William Black (ca. 1902 – March 7, 1983) was an American businessman and philanthropist who founded a multimillion-dollar business called the Chock full o'Nuts Corporation. He was known as a considerate employer, providing benefits such as medical insurance, pension plans and bonuses for his predominantly African-American employees. He also donated millions of dollars to medical research.
Black was originally called William Schwarz but changed his name in the 1940s. There is also some uncertainty about his year of birth and his country of origin. He claimed to have been born in Bushwick, Brooklyn in 1904, but may have been older (b. 1898-1902?) and possibly emigrated from Russia with his family when he was 4 years old. He worked nights to pay for his education and in 1926 graduated from Columbia University in New York with a degree in engineering. He failed to find suitable employment, so with a start up fund of $250, he began selling nuts to passers-by from a stand located on Broadway and Forty-Third Street. The venture was profitable, and within six years Black had expanded his business to eighteen small stores called Chock Full o’Nuts.
Sales dipped during the Great Depression so Black adapted his business by converting his outlets to short-order luncheonettes. He sold low cost food such as nutted cheese sandwiches on whole wheat raisin bread, prepared in view of the customers. Staff were forbidden from touching the food and used tongs and spatulas to handle the ingredients. Black also opened a bakery and started to roast his own blend of coffee. This became a popular vacuum packed brand and by 1960 accounted for 60% of the company’s $30 million turnover.
Black believed that his success in business came from a common sense approach. He maintained high standards of hygiene by visiting and inspecting his restaurants late at night, occasionally being mistaken for a burglar. 90% of his workforce were African-Americans and in 1957 he employed former Brooklyn Dodgers star Jackie Robinson as a vice-president in charge of the company's welfare and minority programs. Employees, from counter hands to executives, received fringe benefits including sickness and medical insurance, pension plans, interest free loans, profit sharing and bonuses. Despite his generous nature the organization was run on strict lines, and Black would not tolerate dissent.
In 1958 Black sold a major holding in his company in the form of 400,000 shares. These were initially priced at $15 each but eventually sold at $20.
Black tended to be impulsive and in 1974, despite having no experience of the industry, purchased the ailing beer brewing firm Rheingold for $1. He failed to turn the company round, and in 1977 sold it to Christian Schmidt Brewing Company of Philadelphia.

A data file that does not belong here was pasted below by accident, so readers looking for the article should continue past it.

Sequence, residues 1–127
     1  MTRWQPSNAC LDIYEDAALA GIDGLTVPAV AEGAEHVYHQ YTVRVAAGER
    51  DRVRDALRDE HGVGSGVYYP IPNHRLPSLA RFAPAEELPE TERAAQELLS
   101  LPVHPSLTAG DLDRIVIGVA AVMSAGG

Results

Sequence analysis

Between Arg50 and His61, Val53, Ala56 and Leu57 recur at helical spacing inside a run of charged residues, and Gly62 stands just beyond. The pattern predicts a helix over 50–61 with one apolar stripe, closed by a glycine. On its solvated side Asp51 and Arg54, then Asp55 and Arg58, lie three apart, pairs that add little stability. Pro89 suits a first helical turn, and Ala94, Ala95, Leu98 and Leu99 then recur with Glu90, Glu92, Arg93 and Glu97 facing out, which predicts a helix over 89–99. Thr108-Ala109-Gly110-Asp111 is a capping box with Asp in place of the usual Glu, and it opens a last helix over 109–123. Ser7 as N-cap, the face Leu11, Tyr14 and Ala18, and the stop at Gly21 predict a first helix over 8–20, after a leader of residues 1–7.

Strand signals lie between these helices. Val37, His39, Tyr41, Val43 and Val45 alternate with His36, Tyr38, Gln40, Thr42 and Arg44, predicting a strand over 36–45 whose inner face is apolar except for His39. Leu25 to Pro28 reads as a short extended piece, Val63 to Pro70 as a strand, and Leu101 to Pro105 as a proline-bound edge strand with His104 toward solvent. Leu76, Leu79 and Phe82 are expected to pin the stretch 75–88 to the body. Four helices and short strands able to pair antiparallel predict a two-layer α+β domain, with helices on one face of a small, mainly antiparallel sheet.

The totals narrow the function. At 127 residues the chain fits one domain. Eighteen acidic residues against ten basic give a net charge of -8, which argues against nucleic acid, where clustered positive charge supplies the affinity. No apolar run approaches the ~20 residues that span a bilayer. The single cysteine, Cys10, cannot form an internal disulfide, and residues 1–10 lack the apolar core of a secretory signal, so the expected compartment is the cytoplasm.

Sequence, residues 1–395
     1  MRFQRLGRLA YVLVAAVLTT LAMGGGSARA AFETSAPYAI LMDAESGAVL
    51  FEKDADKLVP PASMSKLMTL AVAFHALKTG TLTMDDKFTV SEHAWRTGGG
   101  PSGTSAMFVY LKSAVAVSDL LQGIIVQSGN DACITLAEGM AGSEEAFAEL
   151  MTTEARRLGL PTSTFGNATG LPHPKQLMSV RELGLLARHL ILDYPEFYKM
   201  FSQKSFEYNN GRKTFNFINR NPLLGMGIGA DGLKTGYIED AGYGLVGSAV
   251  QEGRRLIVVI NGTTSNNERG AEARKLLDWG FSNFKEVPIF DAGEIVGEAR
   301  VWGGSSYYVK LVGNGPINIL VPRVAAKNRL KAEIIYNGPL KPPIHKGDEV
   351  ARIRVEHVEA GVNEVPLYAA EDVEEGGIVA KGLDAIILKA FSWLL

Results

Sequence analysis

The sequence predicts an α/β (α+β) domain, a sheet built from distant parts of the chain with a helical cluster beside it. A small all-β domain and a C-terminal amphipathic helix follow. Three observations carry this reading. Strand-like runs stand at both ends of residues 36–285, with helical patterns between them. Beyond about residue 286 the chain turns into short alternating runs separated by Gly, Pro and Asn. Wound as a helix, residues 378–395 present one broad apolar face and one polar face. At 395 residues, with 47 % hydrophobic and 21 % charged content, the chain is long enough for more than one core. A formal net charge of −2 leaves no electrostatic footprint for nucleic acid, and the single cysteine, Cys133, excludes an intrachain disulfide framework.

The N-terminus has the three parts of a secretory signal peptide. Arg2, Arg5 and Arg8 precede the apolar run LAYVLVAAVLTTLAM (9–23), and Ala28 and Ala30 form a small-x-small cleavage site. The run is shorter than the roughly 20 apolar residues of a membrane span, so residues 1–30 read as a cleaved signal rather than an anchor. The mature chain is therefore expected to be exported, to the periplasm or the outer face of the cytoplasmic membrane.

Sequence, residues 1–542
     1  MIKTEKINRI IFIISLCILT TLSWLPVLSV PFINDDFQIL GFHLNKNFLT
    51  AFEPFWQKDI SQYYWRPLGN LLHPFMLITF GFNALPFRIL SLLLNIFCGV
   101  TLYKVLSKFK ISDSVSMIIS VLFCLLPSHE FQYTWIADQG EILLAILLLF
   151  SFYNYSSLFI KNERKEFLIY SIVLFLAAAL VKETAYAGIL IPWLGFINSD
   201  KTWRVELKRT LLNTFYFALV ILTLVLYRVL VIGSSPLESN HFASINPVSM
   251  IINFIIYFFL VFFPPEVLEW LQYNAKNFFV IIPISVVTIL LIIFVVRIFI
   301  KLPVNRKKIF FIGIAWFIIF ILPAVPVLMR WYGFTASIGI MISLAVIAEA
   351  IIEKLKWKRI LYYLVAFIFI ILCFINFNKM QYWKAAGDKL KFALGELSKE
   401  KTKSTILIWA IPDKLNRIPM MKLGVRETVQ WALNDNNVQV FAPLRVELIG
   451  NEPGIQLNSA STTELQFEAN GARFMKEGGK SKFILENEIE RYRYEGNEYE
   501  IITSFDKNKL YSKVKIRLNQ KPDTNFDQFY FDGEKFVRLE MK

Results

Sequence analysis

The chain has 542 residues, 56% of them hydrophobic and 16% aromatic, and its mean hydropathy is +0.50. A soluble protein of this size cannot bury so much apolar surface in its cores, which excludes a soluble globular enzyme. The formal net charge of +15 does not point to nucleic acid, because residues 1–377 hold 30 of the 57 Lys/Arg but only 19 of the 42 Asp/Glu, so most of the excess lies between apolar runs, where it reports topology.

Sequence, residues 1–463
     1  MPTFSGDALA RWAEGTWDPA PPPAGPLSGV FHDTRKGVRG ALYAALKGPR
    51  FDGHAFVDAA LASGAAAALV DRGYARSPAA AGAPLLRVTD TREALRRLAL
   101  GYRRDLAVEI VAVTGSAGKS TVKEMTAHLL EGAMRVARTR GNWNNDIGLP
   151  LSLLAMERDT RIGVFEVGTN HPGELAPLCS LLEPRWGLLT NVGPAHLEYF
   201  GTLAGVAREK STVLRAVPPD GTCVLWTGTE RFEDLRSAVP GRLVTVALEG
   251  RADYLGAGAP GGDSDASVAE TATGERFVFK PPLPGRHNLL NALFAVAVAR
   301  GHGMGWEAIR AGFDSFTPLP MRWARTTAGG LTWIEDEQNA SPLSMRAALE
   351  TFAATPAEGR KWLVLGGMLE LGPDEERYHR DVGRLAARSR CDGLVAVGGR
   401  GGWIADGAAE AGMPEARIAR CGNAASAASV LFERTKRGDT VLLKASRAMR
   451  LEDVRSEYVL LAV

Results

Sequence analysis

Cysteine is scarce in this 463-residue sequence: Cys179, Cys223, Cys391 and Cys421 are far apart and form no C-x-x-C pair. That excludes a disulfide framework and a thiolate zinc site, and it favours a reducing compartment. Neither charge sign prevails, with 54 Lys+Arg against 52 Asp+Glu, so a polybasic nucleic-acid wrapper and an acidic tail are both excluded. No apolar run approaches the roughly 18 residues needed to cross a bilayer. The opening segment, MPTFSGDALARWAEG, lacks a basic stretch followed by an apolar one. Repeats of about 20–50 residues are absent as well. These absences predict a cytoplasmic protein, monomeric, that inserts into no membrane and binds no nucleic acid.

In 1957, following the death of a friend and colleague, Black contributed $100,000 to establish the Parkinson's Disease Foundation. In 1960 he provided $5 million funding towards a medical research centre at his old Columbia University, named the William Black Building. Other gifts included $1 million towards a building at the Lenox Hill Hospital, named the William Black Hall of Nursing, funding for the Montefiore New Rochelle Hospital and funding for the Page and William Black Post-Graduate School for Continuing Education at the Icahn School of Medicine at Mount Sinai.
Black married three times: His first wife was Lillian Mandl (1895-1984), with whom he had two daughters. Black divorced Lillian in 1951 and remarried to divorcee Jean Martin (1919-2004) who was a singer on his sponsored television shows. They had one child, a daughter, before divorcing in 1962. His last wife was Page Morton (1915-2013), who was also a singer, and made famous the Chock Full o Nuts, "Heavenly Coffee" jingle on radio and television. After Black’s death she carried on his charitable work with the Parkinson Disease Foundation. Physician, Dr. Leon Pordy, who had been introduced to Black by Page Morton some 20 years earlier, became chairman and chief executive of Chock Full o Nuts after Black's death. Page Morton Black died in 2013 at Premium Point, New Rochelle, New York, in her home Bon Repos that her husband had purchased from Thomas Franklyn Manville, Jr. in the 1950s. The ownership of the house had been contested during the divorce between Black and Jean Martin in 1962.
Black's eldest daughter, Wilma (Willy), married Donald E. Werby, hotel owner in California. His second daughter, Barbara Jane, married Irish diplomat Eamon Lucas Kennedy